Many people debating, going through or have had a divorce are curious on if divorce is bad for their children. Being a divorced parent and a step-parent, it was my priority to make sure my children were healthy and happy. My unique and personal situation also allows me to help other parents going through divorce.
So is divorce bad for children?
About 50% of couples today get a divorce, although not all of these couples have children, about 1.5 million children in the U.S. are products of divorce each year. Many of these children do feel as if their world is falling apart, due to the instability, and some parents will stay in unhealthy marriages because of the fear of disrupting their children.
While most children feel sad, upset, or angry due to the divorce, research shows that only a very small percentage of children experience serious problems as a result of divorce. In fact, most children are only affected in the short run, and children reported recovering rapidy after the initial divorce. Children will often show minor behavioral or emotional challenges but usually this will diminish by the end of the second year.
Studies conducted that followed children for years after a divorce compared academic success, emotional and behavioral problems, delinquency, self-concept and social relationships and found that there was no difference between children with divorced couples compared to children with married parents. Also, the age the child was at divorce had little to no influence on their success in life either.
Researchers also have consistently found that high levels of conflict between parents during and after the divorce increase the potential for children to be more disruptive, have higher emotional and behavioral issues, and long term recoveries from divorce. Another factor that can cause longer recovery time is when children are surprised by the news of a divorce compared to children who have been around high conflict. Children in these situations reported being more relieved.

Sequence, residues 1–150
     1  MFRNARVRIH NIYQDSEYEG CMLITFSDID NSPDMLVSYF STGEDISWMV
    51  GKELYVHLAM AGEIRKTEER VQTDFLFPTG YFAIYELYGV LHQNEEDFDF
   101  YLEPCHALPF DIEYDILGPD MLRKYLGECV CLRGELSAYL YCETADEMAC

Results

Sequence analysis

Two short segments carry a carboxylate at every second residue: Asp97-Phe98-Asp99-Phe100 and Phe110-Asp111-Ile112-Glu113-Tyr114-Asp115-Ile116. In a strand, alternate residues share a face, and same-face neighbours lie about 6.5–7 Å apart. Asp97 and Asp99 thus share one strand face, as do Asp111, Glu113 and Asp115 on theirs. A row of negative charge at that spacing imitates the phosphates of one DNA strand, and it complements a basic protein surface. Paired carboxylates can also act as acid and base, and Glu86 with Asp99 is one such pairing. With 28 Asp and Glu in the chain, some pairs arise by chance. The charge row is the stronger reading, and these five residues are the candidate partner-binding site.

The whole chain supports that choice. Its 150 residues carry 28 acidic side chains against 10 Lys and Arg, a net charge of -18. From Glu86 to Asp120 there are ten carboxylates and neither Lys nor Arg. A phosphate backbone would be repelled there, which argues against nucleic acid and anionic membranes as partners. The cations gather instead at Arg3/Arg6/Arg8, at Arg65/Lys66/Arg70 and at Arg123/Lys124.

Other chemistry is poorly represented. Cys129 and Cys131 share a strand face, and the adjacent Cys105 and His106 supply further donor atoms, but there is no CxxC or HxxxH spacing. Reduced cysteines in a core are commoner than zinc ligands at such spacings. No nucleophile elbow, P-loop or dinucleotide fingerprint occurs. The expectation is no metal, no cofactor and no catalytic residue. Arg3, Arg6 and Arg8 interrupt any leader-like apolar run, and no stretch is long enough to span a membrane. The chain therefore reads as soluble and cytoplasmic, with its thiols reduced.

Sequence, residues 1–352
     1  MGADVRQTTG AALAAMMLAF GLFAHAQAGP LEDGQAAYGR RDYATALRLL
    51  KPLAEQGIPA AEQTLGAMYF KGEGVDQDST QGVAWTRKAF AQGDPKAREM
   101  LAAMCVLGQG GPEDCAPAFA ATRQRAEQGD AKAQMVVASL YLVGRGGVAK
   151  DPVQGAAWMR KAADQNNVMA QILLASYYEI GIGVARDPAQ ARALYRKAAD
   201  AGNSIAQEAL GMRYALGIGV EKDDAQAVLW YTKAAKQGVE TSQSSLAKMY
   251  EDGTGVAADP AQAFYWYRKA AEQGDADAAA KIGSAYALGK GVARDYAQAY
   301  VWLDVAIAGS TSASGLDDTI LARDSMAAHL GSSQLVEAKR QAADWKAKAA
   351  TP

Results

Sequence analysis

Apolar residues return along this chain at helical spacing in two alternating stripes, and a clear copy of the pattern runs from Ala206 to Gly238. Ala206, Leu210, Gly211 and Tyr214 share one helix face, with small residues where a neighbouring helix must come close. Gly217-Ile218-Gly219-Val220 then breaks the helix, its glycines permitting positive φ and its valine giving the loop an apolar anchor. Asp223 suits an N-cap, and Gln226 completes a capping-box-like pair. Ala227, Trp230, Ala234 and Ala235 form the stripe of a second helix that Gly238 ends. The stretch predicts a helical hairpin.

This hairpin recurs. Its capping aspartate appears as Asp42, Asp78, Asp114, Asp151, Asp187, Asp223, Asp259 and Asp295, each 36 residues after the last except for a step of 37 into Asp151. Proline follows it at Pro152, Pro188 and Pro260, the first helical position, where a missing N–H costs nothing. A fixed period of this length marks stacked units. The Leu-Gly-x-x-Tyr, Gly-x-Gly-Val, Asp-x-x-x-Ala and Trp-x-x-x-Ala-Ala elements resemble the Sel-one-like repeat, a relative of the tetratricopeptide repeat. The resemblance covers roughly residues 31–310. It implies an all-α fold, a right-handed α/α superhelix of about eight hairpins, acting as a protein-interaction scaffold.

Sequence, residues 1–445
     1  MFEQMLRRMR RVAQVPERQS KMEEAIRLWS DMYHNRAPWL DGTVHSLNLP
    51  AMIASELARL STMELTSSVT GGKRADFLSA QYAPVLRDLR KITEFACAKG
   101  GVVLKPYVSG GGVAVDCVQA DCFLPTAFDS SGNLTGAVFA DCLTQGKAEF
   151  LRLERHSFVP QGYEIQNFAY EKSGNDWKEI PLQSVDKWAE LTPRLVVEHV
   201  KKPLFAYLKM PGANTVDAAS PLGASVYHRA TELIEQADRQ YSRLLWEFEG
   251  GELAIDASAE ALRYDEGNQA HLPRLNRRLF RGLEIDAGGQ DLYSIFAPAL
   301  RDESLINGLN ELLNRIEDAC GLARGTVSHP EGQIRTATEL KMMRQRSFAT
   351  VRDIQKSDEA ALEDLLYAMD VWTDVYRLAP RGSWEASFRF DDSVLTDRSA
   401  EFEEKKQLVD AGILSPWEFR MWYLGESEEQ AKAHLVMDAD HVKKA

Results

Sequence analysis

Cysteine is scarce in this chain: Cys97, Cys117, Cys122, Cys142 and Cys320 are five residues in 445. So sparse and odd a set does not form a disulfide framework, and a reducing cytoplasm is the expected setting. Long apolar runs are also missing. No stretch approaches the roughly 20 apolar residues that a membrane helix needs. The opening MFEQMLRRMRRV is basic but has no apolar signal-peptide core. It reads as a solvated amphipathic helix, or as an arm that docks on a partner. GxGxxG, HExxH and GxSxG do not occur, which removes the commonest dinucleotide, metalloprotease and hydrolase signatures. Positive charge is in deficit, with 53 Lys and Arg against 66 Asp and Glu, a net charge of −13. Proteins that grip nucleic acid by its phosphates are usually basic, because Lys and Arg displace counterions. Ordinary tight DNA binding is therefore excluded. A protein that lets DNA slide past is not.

Overall, children that go through a divorce reported that in the long-term there was no significant difference between them and children of married parents. Although there is almost always short term effects, children recover within the first two years. Furthermore, it has been reported that children that have parents that continuously have conflict after the marriage report longer recovery times.
If you are going through a divorce and want to discuss the potential impacts it may have on your children, how you are going to support your children, and creating the healthiest environment possibly, consulting with a mediator can help guide you through this process to ensure that your children can recover and continue on to lead a happy, healthy life.